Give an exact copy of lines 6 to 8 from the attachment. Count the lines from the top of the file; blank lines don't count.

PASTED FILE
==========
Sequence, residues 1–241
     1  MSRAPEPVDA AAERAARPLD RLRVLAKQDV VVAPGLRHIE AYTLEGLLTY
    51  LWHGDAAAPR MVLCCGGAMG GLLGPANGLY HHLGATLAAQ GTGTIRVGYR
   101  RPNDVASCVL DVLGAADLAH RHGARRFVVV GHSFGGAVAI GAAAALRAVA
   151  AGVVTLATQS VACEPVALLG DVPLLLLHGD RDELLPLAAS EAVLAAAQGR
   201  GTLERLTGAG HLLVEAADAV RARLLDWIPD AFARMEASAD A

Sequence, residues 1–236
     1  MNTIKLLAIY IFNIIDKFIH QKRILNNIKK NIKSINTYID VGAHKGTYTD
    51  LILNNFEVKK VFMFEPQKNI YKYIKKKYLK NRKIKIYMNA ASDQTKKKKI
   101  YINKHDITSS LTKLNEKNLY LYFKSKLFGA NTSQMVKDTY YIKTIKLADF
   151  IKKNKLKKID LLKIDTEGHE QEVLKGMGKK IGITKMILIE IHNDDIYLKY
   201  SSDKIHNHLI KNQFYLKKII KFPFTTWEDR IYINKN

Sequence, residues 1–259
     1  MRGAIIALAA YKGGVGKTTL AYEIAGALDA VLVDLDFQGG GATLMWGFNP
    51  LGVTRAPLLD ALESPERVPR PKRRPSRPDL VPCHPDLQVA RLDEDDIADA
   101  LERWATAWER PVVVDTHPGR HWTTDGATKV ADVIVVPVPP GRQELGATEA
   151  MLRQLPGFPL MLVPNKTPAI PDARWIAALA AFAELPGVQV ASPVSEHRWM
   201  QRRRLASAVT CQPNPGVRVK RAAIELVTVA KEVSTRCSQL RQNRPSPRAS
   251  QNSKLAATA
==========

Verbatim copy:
   201  GTLERLTGAG HLLVEAADAV RARLLDWIPD AFARMEASAD A

Sequence, residues 1–236
     1  MNTIKLLAIY IFNIIDKFIH QKRILNNIKK NIKSINTYID VGAHKGTYTD